The easiest way to solve this is simply to contact your countries embassy and ask. They’ll give you an honest answer, and the next steps given the current state of things.

Preparing for your trip

Making reservations

You should always assume that something will disrupt your trip in some way. While a bit unfortunate to have to plan this way, it’s actually not the end of the world. It just means that you should book flights that are fully refundable or transferable. Most airlines have flexible policies at this point. At the very least they will likely allow you to change your flight. It is, however, best to book directly through the airline so that it’s as easy as possible to make changes. If you are nervous about traveling with the virus, you might want to check whether they do spacing between seats.

Similarly, you should book accommodation with cancelations in mind as well. Some properties and rental sites allow you to pay extra to get more flexible cancelation policies. Do it. If this isn’t an option, understand that you may lose your money or deposit should an emergency or positive COVID-19 test pop up. One way to minimize this risk is to book as last-minute as possible, although this does add the risk of losing out on competitive properties.

Meeting the requirements to get in

Getting the correct insurance
Nearly every country now has an insurance requirement to get into the country. They very, a lot. Some countries have specific local insurance requirements from a carrier partnered with the government. Other’s simply require coverage for treatment of certain amounts during the coverage of your stay. You can find information on these requirements on Flatten the Curve.

Even if your destination doesn’t have specific insurance requirements, it probably goes without saying that it’s more important to have this now than it ever has been. Make sure that if you catch the virus and require treatment, you are covered. Nomad Insurance by SafetyWing is a great option that provides this coverage, and works for many country requirements.

If you aren’t able to determine whether or not Nomad Insurance complies with your travel requirements, just sent an email to support@safetywing.com and the team can quickly figure this out for you.

Covid testing
For the foreseeable future, testing will remain a common requirement for international travel. Many travelers will now need tests before and after departure to travel. For example, to return back to my home country of the United States, I had to get an anti-viral test within 3 days of my departure.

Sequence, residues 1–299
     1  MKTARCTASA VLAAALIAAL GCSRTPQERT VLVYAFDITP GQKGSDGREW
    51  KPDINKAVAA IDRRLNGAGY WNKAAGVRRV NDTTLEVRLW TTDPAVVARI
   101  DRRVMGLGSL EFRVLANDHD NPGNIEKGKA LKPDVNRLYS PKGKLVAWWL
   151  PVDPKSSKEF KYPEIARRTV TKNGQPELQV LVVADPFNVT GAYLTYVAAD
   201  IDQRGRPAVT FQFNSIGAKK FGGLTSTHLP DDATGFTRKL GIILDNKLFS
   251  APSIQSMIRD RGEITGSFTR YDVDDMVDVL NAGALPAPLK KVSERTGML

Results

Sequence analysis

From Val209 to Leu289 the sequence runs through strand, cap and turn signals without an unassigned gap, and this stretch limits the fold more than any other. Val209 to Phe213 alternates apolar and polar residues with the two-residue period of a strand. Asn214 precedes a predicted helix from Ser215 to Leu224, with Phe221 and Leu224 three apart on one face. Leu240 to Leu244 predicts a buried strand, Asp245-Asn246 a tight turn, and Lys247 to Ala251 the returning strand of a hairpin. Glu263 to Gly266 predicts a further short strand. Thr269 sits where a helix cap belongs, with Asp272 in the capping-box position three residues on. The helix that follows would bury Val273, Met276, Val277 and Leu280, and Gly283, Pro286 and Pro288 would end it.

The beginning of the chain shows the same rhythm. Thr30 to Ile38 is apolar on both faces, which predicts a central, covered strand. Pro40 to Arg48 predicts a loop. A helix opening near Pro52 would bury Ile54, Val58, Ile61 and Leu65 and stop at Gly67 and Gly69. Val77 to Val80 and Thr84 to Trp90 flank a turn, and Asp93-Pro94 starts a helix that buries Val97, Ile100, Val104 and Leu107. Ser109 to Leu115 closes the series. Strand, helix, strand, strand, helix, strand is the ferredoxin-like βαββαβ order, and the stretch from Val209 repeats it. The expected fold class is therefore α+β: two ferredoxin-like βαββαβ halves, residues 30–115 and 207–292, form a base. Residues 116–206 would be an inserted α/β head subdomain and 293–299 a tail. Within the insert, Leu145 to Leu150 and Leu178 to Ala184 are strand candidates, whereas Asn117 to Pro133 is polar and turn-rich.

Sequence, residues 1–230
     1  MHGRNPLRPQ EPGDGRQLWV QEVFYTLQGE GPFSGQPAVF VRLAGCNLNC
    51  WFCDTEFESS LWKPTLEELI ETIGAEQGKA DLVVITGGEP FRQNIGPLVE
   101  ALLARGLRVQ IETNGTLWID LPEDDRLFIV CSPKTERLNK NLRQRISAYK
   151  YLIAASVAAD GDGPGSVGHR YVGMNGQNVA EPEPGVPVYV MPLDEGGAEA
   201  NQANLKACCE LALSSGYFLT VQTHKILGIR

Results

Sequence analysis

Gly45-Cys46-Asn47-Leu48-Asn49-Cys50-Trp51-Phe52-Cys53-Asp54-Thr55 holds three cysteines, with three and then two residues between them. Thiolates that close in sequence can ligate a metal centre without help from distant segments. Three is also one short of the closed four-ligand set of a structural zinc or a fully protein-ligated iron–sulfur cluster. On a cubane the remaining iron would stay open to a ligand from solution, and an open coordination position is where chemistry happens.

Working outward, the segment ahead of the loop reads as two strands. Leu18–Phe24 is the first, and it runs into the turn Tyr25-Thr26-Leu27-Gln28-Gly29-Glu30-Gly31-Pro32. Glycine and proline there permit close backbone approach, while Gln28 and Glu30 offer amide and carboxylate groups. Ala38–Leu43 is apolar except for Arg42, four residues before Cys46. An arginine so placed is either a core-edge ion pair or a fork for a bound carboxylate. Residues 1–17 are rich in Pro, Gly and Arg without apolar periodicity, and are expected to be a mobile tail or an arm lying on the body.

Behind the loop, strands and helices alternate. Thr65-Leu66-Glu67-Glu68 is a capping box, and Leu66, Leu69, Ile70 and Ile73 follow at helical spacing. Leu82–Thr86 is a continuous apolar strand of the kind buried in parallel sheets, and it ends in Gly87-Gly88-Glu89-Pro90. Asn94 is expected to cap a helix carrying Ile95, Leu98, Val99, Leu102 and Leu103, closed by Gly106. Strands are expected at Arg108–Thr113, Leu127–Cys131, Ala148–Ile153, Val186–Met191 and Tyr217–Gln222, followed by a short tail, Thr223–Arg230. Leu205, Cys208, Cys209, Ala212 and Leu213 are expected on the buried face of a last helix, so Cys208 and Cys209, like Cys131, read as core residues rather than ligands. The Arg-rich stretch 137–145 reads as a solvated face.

Some important things to note about testing for travel:

  • There are different types of COVID-19 tests available. Make sure you are getting the proper kind of test required by the country you are traveling to. The US recently started requiring a negative test from international travelers (even for the residents) but decided to accept the Rapid Antigen test instead of PCR only. The antigen test is usually a less expensive option and results can be delivered to you within a few hours vs. 24–72 hours turnaround time of the PCR test.
  • Pay attention to the timing — you’ll need to have the test sample taken within a given timeframe. Usually, this is 48–72 hours, however some countries measure it in “days” meaning you have the entire day period to get the test, as opposed to an exact hour cut-off.
  • Make a reservation — it’s common for testing facilities globally to require reservations for the test. Even if not required, it’s best to attempt to reserve a spot since you’ll be dealing with a small testing window.
  • Confirm how you will get the results. Most tests will come through over email, so double-check you have given the correct email so you don’t miss your results.

If you require a test on arrival, be cautious and plan for a positive result. There have been cases in Thailand where the government requires people to stay quarantined in the hospital, even if they don’t have symptoms. You may also be required to stay quarantined in a government-sanctioned hotel, which is likely to be costly.

You also may be required to test again once you arrive home. Some countries still require a quarantine, even with a negative test. Be prepared to make the sacrifices necessary when you return, and remember that things could change while you are abroad.

Health forms/documents
While less of a headache than getting tests, some countries will require a health form to be filled out in advance. It will likely ask you for your personal information, proof of insurance and proof of accommodation. While most can be filled online and can be done at the airport if needed, your travel day will be much smoother if you go ahead and do it in advance.

A new type of documentation that’s becoming more relevant is proof of having had the virus previously, or proof of having received one of the COVID-19 vaccines. If you have either one of these, bring them to be safe. They may get you out of some current entry requirements. Plus you never know if more countries you may want to visit will start requiring these.

Get answers to your questions